This post first appeared on the Securities Arbitration Alert blog.  The blog’s editor-in-chief is George H. Friedman, Chairman of the Board of Directors for Arbitartion Resolution Services, Inc.

A coalition of over a hundred consumer advocacy groups has written to CFPB Director Chopra, urging that the Bureau exercise its Dodd-Frank authority to regulate consumer financial arbitration.

We reported in SAA 2022-21 (Jun. 2) that the Consumer Financial Protection Bureau (“CFPB”) seemed disinclined to act on arbitration. We based this surmise on Director Rohit Chopra’s semi-annual report to Congress in April, when neither he nor any Senate Banking Committee members mentioned arbitration. The Committee’s two-hour hearingThe Consumer Financial Protection Bureau’s Semi-Annual Report to Congress, was held April 26. Perusal of the hearing video (available here) or Director Chopra’s five-page prepared remarks shows that the term “arbitration” was not mentioned.

Arbitration Not Included on Latest Agency Rule List

We later reported in SAA 2022-27 (Jul. 14) that the CFPB had published its Spring 2022 Agency Rule Listwhich lists regulatory initiatives the Bureau: “reasonably anticipates having under consideration during the period from June 1, 2022 to May 31, 2023.” Five items were listed, but arbitration was not one of them. We said in # 14 that, given past events and resource limitations, arbitration’s absence from the Bureau’s priorities was not surprising. Recall that Dodd-Frank section 1028 directs the CFPB to study the use of PDAAs in contracts for consumer financial products and services, to later report to Congress, and to ban, limit or impose conditions on their use if such action: “is in the public interest and for the protection of consumers.” Alert readers may recall that the CFPB did indeed issue the required report to Congress and later promulgated a rule banning class action waivers. However, before it became effective, the Final Rule was retroactively nullified in November 2017, when President Trump signed into law H.J. Res. 111, a Joint Disapproval and Nullification Resolution (see SAA 2017-41). Congress had exercised its authority under the Congressional Review Act, (“CRA”) 5 USC §§ 801 et seq., which allows that body to legislatively nullify any regulation within 60 legislative/session days of its publication. Under the CRA, a substantially similar reg cannot be reintroduced without the express permission of Congress.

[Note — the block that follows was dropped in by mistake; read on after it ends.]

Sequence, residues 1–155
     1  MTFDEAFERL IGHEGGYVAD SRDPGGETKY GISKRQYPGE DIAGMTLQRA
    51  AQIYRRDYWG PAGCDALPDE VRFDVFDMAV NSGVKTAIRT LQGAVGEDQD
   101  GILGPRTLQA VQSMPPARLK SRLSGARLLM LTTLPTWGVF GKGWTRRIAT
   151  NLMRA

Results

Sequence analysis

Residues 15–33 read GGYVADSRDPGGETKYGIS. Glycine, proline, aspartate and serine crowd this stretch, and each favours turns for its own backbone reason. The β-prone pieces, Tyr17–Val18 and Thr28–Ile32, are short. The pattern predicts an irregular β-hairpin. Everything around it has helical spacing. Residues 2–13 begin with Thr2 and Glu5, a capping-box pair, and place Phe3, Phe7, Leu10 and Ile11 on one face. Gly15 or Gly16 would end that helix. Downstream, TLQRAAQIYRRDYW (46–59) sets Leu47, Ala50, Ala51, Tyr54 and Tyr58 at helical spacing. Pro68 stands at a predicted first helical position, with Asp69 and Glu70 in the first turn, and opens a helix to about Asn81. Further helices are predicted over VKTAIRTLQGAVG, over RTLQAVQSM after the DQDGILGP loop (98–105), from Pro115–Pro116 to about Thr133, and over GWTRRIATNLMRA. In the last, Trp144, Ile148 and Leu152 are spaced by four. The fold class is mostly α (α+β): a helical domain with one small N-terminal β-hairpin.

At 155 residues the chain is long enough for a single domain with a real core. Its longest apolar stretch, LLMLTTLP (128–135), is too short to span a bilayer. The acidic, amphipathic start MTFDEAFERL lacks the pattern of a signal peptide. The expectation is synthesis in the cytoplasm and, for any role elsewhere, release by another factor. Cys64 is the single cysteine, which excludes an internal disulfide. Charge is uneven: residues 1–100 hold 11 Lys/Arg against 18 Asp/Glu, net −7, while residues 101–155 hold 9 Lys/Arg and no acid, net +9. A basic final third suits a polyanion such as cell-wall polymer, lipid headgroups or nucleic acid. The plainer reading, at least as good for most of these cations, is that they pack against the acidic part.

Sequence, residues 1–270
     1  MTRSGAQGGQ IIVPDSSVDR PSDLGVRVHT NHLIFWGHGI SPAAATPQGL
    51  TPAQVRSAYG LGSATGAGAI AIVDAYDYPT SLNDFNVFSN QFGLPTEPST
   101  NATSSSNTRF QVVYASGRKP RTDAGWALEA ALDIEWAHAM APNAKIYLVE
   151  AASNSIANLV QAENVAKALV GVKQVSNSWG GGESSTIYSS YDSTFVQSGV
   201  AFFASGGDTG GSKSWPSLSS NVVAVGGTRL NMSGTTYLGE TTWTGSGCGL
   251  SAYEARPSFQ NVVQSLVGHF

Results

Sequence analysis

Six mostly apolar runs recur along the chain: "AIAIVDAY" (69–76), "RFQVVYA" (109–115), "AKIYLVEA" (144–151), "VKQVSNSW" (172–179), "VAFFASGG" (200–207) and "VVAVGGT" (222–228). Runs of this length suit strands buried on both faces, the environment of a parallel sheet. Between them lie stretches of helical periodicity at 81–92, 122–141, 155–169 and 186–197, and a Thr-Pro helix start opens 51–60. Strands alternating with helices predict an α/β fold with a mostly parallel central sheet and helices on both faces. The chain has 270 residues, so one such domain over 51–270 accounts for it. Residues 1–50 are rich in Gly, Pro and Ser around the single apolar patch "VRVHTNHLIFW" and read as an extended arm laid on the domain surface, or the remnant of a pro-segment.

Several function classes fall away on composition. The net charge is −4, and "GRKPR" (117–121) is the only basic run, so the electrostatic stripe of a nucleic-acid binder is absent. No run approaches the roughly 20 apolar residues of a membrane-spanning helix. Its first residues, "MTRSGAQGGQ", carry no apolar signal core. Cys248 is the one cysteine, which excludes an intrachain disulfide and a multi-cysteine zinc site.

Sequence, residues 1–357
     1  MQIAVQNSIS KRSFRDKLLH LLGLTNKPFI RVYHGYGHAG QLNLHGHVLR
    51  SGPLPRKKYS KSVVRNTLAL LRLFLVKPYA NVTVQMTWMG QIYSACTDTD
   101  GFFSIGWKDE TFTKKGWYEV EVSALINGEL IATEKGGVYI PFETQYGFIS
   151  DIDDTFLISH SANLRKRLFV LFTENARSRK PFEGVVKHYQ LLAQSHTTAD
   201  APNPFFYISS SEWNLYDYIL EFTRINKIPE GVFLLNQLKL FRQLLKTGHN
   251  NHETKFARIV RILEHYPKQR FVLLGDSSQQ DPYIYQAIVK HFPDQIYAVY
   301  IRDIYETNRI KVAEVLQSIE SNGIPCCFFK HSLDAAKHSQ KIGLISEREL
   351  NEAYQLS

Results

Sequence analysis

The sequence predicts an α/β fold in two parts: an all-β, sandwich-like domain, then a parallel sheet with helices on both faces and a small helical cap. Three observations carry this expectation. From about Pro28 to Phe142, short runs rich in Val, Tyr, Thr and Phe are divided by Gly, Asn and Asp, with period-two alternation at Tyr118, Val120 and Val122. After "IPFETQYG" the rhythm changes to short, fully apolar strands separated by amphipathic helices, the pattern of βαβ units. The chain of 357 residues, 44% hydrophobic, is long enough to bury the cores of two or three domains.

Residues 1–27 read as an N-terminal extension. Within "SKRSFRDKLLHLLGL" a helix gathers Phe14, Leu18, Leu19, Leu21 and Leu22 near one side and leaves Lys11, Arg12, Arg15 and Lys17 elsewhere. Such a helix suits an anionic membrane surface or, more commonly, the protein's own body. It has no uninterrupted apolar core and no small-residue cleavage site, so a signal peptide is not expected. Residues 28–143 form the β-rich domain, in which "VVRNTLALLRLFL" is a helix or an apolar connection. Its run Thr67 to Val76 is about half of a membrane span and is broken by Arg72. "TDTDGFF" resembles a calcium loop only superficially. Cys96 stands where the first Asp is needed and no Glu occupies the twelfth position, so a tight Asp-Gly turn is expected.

Renewed Call for Action

The broad coalition of consumer advocacy groups wrote to Director Chopra on September 13 urging that the Bureau to act on curbing mandatory arbitration abuses. The groups recognize the 2017 rule nullification, but note the enactment earlier this year of the Ending Forced Arbitration for Sexual Assault and Harassment Act: “which allows assault and harassment survivors to choose to file a case in court rather than be forced into arbitration, have further underscored how unfair and insidious forced arbitration is and how unpopular it is with the vast majority of the American public.” The writers:

“representing millions of consumers, call upon the Consumer Financial Protection Bureau (CFPB) to continue its work and exercise its explicit authority to limit the use of forced arbitration requirements utilized by banks and financial institutions to strip Americans of their right to seek justice after being victimized by banking abuses or fraud. The Bureau’s own data confirmed that forced arbitration hurts consumers and deprives the vast majority of banking customers of the right to seek meaningful accountability; that widespread, systemic banking fraud and abuse cannot be effectively addressed in forced arbitration; and that these restrictive clauses are regularly blocking millions of consumers from seeking justice. State and federal laws exist to empower and protect consumers when banks and financial institutions violate the law, but without a regulation to limit forced arbitration, the promise of these laws will never be realized by most consumers. Forced arbitration deprives Americans of their rights in cases of banks’ clear and widespread abuse. The CFPB should act to restore those rights.”

(ed: *We’re still of the view that the CFPB has other fish to fry, but we’ll track this for a response.**For an analysis of why arbitration may not be a CFPB priority see Report: CFPB Unlikely to Undertake Consumer Arbitration Rulemaking in Near Future in the September 15 Consumer Finance Monitor.)